Septimus is a shell-shocked World War I soldier. He’s a unique figure in literature because he was one of the first characters to show the horrors of war and the trauma that occurs after combat. Woolf doesn’t depict him as a hero, but rather as a sufferer and survivor – another sort of casualty of war. Septimus is plagued by feelings of numbness, hallucinations of his friend’s death, and a desperate urge to communicate something about crime and beauty. His transformation by the war was enormous: he began as a boy who loved Shakespeare and poetry, eager to prove himself a man through combat; he comes out deeply cynical of war and its purposes. He can never go back to the life he had before, or to the faith he had in the empire of England. Yeah, this one's going to be dark.
In the introduction to the 1928 edition of Mrs Dalloway, Woolf explains outright that Septimus and Clarissa are doubles. In fact, she originally planned to have Clarissa kill herself in the end. Both Septimus and Clarissa are disturbed by the social structure and oppressions of British life. They both love Shakespeare (think of the line they both recall from Cymbeline: "fear no more"), are both very attuned to life’s deep meaning, and both have bird-like faces.
The two protagonists also share psychological qualities. Where Clarissa manages to feel nothing after witnessing the death of her sister, Septimus is also initially pleased with his manly, detached attitude toward the loss of Evans. Thoughts of death are central to both of them: Septimus thinks about Evans’ death and Clarissa dwells constantly on her own. Both willingly participate in a lifestyle that validates imperialism, nationalism, and war. And while Clarissa manages far better than Septimus, they both manage to see beauty in the world in spite of the suffering and isolation.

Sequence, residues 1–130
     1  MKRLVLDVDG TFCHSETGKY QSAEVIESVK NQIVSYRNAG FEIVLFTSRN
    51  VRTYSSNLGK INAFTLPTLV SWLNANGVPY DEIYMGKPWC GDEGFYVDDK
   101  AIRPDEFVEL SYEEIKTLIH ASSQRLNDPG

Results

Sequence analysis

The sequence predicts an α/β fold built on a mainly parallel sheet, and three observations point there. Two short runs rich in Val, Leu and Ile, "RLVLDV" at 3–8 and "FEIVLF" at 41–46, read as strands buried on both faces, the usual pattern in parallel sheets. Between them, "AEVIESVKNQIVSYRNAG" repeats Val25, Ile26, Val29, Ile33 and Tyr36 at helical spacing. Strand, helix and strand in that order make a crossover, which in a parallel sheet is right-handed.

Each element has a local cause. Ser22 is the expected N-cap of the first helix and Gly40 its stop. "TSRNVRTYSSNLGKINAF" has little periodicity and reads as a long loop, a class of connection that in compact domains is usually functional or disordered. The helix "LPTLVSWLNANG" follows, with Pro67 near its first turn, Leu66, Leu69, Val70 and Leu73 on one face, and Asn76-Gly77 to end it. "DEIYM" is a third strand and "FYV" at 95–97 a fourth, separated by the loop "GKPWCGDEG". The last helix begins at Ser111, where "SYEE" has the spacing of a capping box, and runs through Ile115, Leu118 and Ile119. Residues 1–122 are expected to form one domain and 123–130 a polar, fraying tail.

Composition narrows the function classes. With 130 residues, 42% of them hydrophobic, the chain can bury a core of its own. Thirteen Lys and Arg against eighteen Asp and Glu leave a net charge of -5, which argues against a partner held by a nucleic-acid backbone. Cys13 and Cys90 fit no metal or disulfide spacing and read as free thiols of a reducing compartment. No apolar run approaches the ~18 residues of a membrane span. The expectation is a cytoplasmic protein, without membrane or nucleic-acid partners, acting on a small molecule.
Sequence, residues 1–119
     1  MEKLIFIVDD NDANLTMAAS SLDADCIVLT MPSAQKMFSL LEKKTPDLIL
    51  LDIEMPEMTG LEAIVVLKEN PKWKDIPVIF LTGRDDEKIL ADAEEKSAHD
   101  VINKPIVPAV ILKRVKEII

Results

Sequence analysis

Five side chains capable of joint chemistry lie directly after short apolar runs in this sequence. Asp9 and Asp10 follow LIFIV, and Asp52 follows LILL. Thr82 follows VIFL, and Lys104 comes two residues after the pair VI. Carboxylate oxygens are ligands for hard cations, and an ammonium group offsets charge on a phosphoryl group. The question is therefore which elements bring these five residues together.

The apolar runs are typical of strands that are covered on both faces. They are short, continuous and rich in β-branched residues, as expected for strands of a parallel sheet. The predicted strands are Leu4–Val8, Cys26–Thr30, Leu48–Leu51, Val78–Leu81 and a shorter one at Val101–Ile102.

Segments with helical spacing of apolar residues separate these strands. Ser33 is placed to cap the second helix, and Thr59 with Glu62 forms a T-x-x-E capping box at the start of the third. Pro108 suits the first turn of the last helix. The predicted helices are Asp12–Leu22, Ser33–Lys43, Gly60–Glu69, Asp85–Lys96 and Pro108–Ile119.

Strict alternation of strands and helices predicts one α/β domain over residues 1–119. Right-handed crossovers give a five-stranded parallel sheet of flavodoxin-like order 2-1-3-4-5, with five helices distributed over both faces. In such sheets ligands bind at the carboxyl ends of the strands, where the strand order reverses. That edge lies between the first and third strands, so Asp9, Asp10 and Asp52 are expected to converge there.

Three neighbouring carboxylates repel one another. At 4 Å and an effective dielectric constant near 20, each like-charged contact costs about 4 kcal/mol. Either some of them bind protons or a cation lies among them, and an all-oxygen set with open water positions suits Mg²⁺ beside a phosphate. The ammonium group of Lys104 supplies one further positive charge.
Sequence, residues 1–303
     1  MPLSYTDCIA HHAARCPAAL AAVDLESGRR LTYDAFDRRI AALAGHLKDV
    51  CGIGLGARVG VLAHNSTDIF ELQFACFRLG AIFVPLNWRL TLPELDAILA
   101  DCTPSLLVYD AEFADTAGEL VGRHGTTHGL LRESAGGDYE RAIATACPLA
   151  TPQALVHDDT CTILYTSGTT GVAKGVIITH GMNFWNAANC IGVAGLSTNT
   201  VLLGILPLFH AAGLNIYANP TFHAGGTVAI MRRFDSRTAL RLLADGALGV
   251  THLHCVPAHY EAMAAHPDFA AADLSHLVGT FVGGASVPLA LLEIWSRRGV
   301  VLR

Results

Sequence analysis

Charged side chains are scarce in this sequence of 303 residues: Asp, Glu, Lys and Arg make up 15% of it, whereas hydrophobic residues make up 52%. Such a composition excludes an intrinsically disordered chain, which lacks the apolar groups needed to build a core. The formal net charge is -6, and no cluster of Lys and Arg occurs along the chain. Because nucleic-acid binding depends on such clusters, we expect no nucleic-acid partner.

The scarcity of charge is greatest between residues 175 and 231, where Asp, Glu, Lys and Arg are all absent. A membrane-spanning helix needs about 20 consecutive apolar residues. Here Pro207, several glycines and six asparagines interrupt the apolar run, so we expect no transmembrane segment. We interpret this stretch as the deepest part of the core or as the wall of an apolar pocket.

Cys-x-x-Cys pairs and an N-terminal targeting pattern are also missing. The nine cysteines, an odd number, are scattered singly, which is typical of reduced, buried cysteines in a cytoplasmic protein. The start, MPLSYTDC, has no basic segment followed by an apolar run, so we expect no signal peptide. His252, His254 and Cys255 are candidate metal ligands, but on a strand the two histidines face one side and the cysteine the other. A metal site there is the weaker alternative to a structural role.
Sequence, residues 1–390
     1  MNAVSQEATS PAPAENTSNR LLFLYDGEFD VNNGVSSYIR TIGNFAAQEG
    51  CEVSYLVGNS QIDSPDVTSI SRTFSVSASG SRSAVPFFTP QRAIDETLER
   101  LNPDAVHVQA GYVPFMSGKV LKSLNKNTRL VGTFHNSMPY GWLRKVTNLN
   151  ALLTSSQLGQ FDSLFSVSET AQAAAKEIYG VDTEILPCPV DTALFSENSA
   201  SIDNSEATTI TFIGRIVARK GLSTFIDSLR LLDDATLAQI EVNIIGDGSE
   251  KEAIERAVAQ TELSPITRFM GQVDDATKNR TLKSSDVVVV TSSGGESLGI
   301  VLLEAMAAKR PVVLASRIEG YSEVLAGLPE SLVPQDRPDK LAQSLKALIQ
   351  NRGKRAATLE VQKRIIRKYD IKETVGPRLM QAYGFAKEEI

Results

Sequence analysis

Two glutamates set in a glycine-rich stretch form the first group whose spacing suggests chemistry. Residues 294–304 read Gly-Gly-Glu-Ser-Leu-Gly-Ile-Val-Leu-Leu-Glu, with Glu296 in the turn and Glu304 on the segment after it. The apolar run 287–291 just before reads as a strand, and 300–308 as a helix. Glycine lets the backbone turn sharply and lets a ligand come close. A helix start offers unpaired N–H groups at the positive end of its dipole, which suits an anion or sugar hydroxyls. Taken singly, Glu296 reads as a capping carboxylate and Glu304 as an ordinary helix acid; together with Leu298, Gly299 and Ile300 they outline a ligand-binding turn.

Septimus succeeds in slapping convention in the face, but is only able to do so by killing himself. His death is experienced by Clarissa as an expression of defiance, a real communication of the self, from which she can benefit, too:
A thing there was that mattered; a thing, wreathed about with chatter, defaced, obscured in her own life, let drop every day in corruption, lies, chatter. This he had preserved. Death was defiance. Death was an attempt to communicate; people feeling the impossibility of reaching the centre which, mystically, evaded them; closeness drew apart; rapture faded, one was alone. There was an embrace in death. (6.86)
Neither Woolf nor Clarissa consider Septimus' death a tragedy per se; it’s more like the ultimate acknowledgment of the failures of the world around him – a bold rejection of tyranny and the only way to preserve himself. He therefore "plunges holding his treasure" (6.87), as Clarissa describes it, which is to say that he has held on to part of himself and his dignity.
Dr Holmes has been treating Septimus, although he does not take his patient’s problems seriously; nor does Septimus have any respect for Dr Holmes. Conversely, Sir William Bradshaw immediately sees there’s a problem with Septimus. The only trouble is that his philosophy of wellness – based on Proportion and Conversion, and other things we luckily don’t believe in today – has a creepy scientific and inhuman sound to it, and involves Septimus being placed in one of his mental homes, away from everything he cares about. Septimus is clearly affected by post-traumatic stress disorder, but the only mention Bradshaw makes of damage from the war comes at the party, where he says there should be some governmental provision regarding shell-shock.
Under the care of these doctors, Septimus senses that they’re part of the same authoritarian system that controlled the war. As these doctors see him, Septimus is a danger to society because he serves as a reminder of the damage of war, instead of the heroism. He must be put away so people can still believe in the grandness of English empire. Talk about using someone.
Septimus’ madness derives from many things, namely feeling deeply isolated from everyone, with a big lack of understanding and empathy. It seems like the entire world is against him: "The world has raised its whip; where will it descend?" (1.32). Although his wife, Lucrezia, tries desperately to help him, she, too, longs for everything to be normal. In any case, Septimus' writings are the only way he can express himself:
About war; about Shakespeare; about great discoveries; how there is no death [...]; how the dead sing behind rhododendron bushes odes to Time; conversation with Shakespeare; Evans, Evans, Evans-his message from the dead; do not cut down trees; tell the Prime Minister. Universal love: the meaning of the world. (5.140)
Though Septimus believes he has no feeling, he actually has an excess of it. He is too sensitive for the world in which he lives. Like his wife, he is a foreigner, but in terms of social conformity, rather than national identity. We wonder which of those feels more disconnected.